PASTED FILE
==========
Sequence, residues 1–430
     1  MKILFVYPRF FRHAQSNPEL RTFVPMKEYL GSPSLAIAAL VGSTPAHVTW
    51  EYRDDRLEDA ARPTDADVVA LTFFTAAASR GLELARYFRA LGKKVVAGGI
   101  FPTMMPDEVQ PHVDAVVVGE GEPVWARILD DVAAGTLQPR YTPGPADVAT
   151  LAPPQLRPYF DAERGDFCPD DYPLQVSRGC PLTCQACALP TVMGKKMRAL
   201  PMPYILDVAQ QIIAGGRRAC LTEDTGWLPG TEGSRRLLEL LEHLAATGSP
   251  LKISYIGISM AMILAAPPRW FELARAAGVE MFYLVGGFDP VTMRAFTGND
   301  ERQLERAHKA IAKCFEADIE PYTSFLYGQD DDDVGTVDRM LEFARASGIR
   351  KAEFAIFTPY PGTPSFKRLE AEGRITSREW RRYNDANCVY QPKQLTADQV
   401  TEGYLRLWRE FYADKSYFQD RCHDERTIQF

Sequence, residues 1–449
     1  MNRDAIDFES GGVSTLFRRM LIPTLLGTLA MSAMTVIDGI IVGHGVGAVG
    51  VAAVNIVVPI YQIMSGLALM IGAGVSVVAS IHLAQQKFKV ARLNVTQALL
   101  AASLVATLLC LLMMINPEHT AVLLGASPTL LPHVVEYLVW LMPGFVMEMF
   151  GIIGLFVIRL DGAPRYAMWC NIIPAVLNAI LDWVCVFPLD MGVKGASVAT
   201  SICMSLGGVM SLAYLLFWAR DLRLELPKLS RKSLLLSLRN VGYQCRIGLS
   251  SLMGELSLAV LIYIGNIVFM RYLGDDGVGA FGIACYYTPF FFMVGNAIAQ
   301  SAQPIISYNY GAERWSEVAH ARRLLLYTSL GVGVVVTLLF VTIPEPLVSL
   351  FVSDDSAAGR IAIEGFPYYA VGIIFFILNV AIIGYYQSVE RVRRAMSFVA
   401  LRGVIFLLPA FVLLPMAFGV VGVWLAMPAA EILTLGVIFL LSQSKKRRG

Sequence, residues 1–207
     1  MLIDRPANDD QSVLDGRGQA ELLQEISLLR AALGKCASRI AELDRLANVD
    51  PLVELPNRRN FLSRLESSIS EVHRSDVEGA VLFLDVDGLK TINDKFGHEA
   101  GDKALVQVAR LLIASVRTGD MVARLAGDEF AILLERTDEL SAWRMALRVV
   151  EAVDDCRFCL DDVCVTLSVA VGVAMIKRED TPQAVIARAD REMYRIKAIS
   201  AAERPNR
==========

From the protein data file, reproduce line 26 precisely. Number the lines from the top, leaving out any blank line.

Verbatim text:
   201  AAERPNR